Not all skin is the same. The different types of skin have been classified regarding their color and reaction to sunlight (click Skin Types for more information). In this section you will find answers to questions that people often have regarding hypertrophic scars and keloids.

It is important to remember that all surgeries require wound closures and all wound closures create a scar. The quality, aspect and thickness of the scar, varies in individuals, and luckily a 95% of people heal normally, independent of the color and thickness of their skin.

However, there are some cases where wound healing occurs in an exaggerated manner that gradually causes over-growth in mass and volume often producing itching as well. This type of scar is called a Keloid. There are varying degrees of keloid formation. Some scar tissue may be minor in its exaggerated growth and others may be very aggressive, progressing to the point that the scar becomes thick and raised. In this case, the original wound edges invade surrounding skin tissue.

The exact cause of keloid formation is not known but there is usually a genetic, racial or familial predisposition. Therefore, if a patient of Aesthetic Surgery happens to get a keloid, it is not the fault of the surgeon, or the patient’s. It does not indicate that something unusual happened during surgery, or that the patient did not comply with the Plastic Surgeon’s instructions.

Prior to performing a surgical procedure the Plastic Surgeon will examine any previous scars you may have particularly in shoulders, chest, neck, chin and earlobes. This is an indirect method to assess the possibility of keloid formation following your surgery. If signs of a keloid are not present or if you have never had surgery, there is no way to know if a keloid could develop. Nevertheless, the possibility is minimal.

If a keloid does occur following surgery, there are three ways to treat it. These measures These may be singular or done in combinations to control keloid growth and improve the overall outcome:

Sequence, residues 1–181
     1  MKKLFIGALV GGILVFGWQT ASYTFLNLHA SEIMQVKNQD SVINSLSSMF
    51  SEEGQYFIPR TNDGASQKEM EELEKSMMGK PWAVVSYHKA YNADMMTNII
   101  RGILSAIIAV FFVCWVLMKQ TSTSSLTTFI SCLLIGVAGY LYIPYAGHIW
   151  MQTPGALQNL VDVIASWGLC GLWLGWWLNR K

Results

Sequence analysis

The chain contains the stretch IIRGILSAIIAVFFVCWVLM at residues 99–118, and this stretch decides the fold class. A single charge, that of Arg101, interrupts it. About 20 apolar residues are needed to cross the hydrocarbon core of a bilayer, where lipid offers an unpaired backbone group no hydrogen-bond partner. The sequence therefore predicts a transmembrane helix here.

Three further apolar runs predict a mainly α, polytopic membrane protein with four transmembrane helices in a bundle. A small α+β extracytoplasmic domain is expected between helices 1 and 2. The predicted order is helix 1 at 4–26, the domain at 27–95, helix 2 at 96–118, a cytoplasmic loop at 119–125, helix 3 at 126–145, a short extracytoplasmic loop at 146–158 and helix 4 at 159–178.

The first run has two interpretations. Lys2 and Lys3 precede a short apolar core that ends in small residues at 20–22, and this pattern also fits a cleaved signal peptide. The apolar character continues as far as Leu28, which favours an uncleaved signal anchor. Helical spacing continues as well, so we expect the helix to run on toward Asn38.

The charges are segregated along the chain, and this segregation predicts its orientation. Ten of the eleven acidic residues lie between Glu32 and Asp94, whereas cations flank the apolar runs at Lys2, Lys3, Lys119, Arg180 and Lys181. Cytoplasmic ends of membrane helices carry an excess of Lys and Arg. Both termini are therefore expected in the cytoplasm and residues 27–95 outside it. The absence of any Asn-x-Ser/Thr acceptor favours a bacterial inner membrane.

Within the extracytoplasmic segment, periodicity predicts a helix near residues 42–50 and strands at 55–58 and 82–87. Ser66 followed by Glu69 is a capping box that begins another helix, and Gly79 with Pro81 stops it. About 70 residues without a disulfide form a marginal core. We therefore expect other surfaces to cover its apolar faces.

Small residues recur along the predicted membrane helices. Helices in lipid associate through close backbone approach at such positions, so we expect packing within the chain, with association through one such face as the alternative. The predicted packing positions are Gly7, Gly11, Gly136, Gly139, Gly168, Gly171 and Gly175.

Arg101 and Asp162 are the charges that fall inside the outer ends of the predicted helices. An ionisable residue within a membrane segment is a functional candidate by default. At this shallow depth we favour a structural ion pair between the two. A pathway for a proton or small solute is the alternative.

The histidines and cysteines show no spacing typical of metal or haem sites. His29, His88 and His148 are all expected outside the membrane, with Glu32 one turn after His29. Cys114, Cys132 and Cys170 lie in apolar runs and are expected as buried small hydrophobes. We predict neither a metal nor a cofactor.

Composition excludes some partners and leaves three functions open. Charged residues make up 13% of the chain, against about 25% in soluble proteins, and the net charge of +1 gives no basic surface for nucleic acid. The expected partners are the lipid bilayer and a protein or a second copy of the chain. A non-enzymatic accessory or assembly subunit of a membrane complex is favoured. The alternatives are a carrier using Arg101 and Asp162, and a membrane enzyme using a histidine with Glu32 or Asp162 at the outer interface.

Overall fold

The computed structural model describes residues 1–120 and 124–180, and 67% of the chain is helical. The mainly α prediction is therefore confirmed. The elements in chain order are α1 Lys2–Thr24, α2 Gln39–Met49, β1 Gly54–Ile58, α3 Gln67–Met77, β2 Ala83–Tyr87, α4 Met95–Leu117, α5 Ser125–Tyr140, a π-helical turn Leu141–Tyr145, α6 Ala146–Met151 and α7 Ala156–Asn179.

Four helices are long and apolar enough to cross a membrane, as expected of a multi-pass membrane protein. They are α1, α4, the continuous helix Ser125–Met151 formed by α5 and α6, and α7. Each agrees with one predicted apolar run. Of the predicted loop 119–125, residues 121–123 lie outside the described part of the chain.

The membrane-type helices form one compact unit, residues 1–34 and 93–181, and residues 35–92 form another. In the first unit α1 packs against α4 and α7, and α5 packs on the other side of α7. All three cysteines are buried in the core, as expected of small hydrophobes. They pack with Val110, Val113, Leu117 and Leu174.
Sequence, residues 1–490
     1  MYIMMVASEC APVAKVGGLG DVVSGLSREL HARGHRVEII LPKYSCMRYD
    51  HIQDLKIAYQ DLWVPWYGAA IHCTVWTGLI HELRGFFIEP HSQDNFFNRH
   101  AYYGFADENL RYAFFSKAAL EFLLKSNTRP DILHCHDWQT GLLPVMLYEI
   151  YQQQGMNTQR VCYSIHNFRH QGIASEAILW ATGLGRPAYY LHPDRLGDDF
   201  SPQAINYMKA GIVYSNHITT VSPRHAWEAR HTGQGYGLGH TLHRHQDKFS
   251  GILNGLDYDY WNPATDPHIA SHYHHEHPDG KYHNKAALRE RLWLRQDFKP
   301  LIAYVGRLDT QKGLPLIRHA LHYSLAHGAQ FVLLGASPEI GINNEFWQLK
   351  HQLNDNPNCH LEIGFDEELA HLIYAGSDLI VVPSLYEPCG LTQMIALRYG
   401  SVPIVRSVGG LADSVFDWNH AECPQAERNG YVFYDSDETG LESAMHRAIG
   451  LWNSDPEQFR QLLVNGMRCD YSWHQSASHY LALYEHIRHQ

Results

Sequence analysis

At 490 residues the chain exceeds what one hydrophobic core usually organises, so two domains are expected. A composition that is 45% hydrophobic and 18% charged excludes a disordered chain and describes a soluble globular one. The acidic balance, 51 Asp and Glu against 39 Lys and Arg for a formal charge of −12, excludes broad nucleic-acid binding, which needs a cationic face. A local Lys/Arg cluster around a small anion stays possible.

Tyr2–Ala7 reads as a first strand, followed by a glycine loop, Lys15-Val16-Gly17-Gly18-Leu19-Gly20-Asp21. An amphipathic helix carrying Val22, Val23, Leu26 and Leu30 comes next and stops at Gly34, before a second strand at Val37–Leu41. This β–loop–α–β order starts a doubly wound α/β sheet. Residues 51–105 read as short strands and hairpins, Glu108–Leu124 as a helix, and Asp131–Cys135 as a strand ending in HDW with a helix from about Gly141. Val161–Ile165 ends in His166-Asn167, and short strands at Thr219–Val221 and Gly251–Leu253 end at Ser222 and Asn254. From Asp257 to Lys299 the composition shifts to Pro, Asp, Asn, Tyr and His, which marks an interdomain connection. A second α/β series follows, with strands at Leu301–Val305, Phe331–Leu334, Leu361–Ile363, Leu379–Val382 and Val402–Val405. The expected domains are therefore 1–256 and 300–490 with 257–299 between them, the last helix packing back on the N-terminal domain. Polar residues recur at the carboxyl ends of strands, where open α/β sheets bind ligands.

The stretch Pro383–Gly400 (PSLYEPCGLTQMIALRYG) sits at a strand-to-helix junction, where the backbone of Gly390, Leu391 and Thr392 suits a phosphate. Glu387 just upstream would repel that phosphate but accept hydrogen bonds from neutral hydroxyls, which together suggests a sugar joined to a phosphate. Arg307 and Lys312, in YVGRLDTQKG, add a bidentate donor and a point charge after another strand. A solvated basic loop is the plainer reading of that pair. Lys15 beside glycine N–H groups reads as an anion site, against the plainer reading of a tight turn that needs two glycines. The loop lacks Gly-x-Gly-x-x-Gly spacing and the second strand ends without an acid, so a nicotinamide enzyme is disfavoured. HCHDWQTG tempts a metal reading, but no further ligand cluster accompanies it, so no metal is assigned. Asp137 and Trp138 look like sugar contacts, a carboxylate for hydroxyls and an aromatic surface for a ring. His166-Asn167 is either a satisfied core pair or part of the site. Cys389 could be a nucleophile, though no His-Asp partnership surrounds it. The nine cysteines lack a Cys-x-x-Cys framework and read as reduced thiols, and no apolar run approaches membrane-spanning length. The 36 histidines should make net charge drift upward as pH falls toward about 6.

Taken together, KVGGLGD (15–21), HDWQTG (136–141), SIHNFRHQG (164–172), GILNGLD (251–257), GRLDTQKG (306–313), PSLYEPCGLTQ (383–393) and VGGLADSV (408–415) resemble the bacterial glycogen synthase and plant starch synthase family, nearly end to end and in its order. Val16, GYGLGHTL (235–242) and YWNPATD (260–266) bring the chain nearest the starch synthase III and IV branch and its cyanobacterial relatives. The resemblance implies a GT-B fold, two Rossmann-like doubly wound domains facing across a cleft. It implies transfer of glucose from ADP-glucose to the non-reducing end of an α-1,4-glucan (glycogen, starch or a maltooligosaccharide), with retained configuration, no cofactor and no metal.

• 1- Oral medications
  • 2- Cortisone injection within the scar
  • 3- Therapeutic low-grade radiation to the scar

Surgical intervention to remove a keloid scar is not recommended as keloids are recurrent. With the reappearance, the new keloid is usually more aggressive than the one that was removed. Therefore, only the three alternatives listed above can be used to successfully treat a keloid scar.

There is another type of scar that looks very much like a keloid called a hypertrophic scar. It is not a keloid. A hypertrophic scar is produced when a wound is closed with too much tension on the wound edges or as the result of foreign material or infection in the wound. The growth of a hypertrophic scar is less exaggerated than a keloid and in most cases, is easier to control.

Following are some examples of keloids and hypertrophic scars that I have seen over the years of my practice:


Keloid in a Thyroid operation scar

Keloid in the chest, after acne manipulation

Luckily the occurrence of this type of scarring is rare. Since treatment for prevention of both keloid and hypertrophic scars is available, there is no need to abandon the idea of your surgery for fear of developing one. In the unlikely chance of one occurring, it can be effectively controlled post-operatively.

Please, feel free to call the office for questions about this or other topics concerning your Plastic Surgery request.

Any doubts about this surgery, please call the office, 684-2551  (US: 619-730-1917) or my cell 664-283-0976. We wish you a speedy recovery and an excellent experience with your esthetic lid surgery, send an email or click Contact us for more information.

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